Home Archives December 2008 Trimming the office party without cutting the fun

Trimming the office party without cutting the fun

| Print |  Email
Monday, December 01, 2008

Company holiday celebrations are an expression of employee appreciation and just because business may be down for the year and cutbacks loom, that doesn’t mean you should ditch the party.

“Unless they are really hurting, most companies are going to do parties, but they are paring down their budget a little bit,” says Matthew Weber, owner of the event-planning business A Swank Affair in Lake Oswego. He says his reservations so far are holding steady compared to last year.

Royce Mason feared that all the unrelenting chatter of economic gloom and doom this holiday season would mean fewer parties. Mason, owner of Royce’s Prop Shop in Portland, throws company parties for a living.

COST-SAVING TIPS:

• Have your party in the office. Play holiday CDs, or decorate the office during the party.
• A catered lunch or after-work party at the office can be less expensive than a restaurant or banquet outing.
• Invite your employees and guests to your home. It can be a  friendlier atmosphere than work or a restaurant.
• If you do go offsite, parties held on any day but Saturday are generally less expensive. Consider having a “wintertime” party in January when rates may also be cheaper.

Source: businessknowhow.com

The best he hoped for heading into the busy holiday season of company parties was to stay even and not lose any of his usual clients. To his surprise, in early October reservations for his party-planning expertise were up 10% from last year. “[Businesses] want to keep things as usual,” he says.

One of Mason’s clients was reluctant to throw their usual extravagant party this year because they didn’t want to appear excessive at a time when others are hurting. Mason told the client he could scale down the event with less fancy décor and amenities. “It wasn’t so much the cost as much as what they would look like,” he says.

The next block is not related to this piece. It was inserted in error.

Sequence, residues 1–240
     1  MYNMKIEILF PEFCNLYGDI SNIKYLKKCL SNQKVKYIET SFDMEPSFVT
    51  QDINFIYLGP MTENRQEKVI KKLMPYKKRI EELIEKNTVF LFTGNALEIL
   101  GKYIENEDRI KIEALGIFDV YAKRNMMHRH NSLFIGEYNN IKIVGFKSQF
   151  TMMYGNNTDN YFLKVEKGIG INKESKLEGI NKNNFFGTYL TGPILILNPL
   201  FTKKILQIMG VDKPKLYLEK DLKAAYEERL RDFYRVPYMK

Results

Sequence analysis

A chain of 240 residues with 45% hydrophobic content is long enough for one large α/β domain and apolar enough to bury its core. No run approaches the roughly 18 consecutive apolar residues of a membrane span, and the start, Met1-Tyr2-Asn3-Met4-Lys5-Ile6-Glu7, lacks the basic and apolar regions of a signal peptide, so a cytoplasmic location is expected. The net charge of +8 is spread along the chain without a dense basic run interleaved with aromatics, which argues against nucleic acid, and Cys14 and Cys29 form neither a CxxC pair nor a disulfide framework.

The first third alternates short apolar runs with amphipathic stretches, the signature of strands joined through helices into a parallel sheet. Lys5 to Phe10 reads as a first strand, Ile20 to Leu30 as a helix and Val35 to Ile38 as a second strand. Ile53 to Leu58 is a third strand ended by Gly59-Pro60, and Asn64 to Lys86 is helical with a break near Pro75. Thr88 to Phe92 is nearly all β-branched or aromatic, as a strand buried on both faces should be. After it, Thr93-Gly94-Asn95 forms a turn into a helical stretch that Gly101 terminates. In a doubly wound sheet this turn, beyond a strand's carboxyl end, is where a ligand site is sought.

Mason sees more companies being environmentally conscious and demanding local vendors and products at their holiday party.

Some of Weber’s clients are taking a closer look at their alcohol budget this year, an expense that is often the largest at a company party. On average a large company easily can spend $6,000 on alcohol. This year there will not be as many open bars, he says. Other cost-saving measures include companies opting for the less expensive DJ rather than a live band.

A party could also be an optimistic beginning to a new year. Mason says he is surprised at all the calls coming in about New Year’s Eve parties.

“It gives people something to look forward to,” Weber says. “It’s a morale booster.”   


JASON SHUFFLER


Have an opinion? E-mail This e-mail address is being protected from spambots. You need JavaScript enabled to view it

 

 

More Articles

Oregon Business wins awards

News
Monday, June 30, 2014

ASBPEOregon Business magazine won two silver awards for excellence in writing in the National American Society of Business Publication Editors Western region competition.


Read more...

Oversight? Or gaming the system?

News
Monday, July 14, 2014
AmazonBY VIVIAN MCINERNY | OB BLOGGER

Some people think Amazon’s winking eye logo is starting to look like a hoodwink.


Read more...

Blips and trends in the housing market

News
Thursday, June 26, 2014
062614 thumb realestateBY ERIC FRUTS | OB BLOGGER

Last year, the housing market in Oregon—and the U.S. as a whole—was blasting off. The Case-Shiller index of home prices ended the year 13% higher than at the beginning of the year. But, was last year a blip, or a trend?


Read more...

South Waterfront's revenge

News
Thursday, July 24, 2014
MoodyAveBY LINDA BAKER | OB EDITOR

Remember the naysayers?  Those who called the South Waterfront aerial tram a boondoggle?  Those who rejoiced at the massive sell off of luxury condos at the John Ross and Atwater Place?


Read more...

Who said we should sell in May?

Contributed Blogs
Friday, July 18, 2014
BullMarketBY JASON NORRIS | OB GUEST CONTRIBUTOR

Back in May, we shared a common Wall Street quote about investing, “Sell in May and go away.” Fast forward to July and the most common question we have been getting from clients is, “When is the market pullback going to occur?”


Read more...

Trends in business succession

News
Thursday, July 03, 2014
TrendsBY TED AUSTIN & MIKE BAELE | GUEST CONTRIBUTORS

The Office of Economic Analysis announced that Oregon is currently enjoying the strongest job growth since 2006. While this resurgence has been welcome, the lingering effects of the 2008 “Great Recession” continues to affect Oregon businesses, especially with regard to estate planning and business succession.


Read more...

Attack of the Robin Sages

Contributed Blogs
Monday, July 07, 2014
070714 thumb linkedinfakesBY TOM COX | OB BLOGGER

Named after the 2010 experiment by Thomas Ryan, "Robin Sages" are fake social media profiles designed to encourage linking and divulging valuable information.


Read more...
Oregon Business magazinetitle-sponsored-links-02
SPONSORED LINKS